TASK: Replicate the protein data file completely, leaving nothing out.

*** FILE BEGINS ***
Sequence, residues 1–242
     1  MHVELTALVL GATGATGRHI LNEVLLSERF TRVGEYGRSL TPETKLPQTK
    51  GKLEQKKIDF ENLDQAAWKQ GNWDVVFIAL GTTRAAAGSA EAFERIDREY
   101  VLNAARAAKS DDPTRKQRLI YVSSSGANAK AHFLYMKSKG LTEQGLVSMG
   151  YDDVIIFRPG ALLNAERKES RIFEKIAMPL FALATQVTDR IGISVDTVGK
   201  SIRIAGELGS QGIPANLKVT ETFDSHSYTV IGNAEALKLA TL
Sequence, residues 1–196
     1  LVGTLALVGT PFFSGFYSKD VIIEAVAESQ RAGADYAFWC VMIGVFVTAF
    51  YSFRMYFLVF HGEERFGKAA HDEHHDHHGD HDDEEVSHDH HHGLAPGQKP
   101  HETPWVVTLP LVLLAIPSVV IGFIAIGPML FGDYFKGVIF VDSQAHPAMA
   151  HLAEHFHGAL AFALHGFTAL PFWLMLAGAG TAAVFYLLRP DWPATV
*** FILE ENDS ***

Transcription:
Sequence, residues 1–242
     1  MHVELTALVL GATGATGRHI LNEVLLSERF TRVGEYGRSL TPETKLPQTK
    51  GKLEQKKIDF ENLDQAAWKQ GNWDVVFIAL GTTRAAAGSA EAFERIDREY
   101  VLNAARAAKS DDPTRKQRLI YVSSSGANAK AHFLYMKSKG LTEQGLVSMG
   151  YDDVIIFRPG ALLNAERKES RIFEKIAMPL FALATQVTDR IGISVDTVGK
   201  SIRIAGELGS QGIPANLKVT ETFDSHSYTV IGNAEALKLA TL
Sequence, residues 1–196
     1  LVGTLALVGT PFFSGFYSKD VIIEAVAESQ RAGADYAFWC VMIGVFVTAF
    51  YSFRMYFLVF HGEERFGKAA HDEHHDHHGD HDDEEVSHDH HHGLAPGQKP
   101  HETPWVVTLP LVLLAIPSVV IGFIAIGPML FGDYFKGVIF VDSQAHPAMA
   151  HLAEHFHGAL AFALHGFTAL PFWLMLAGAG TAAVFYLLRP DWPATV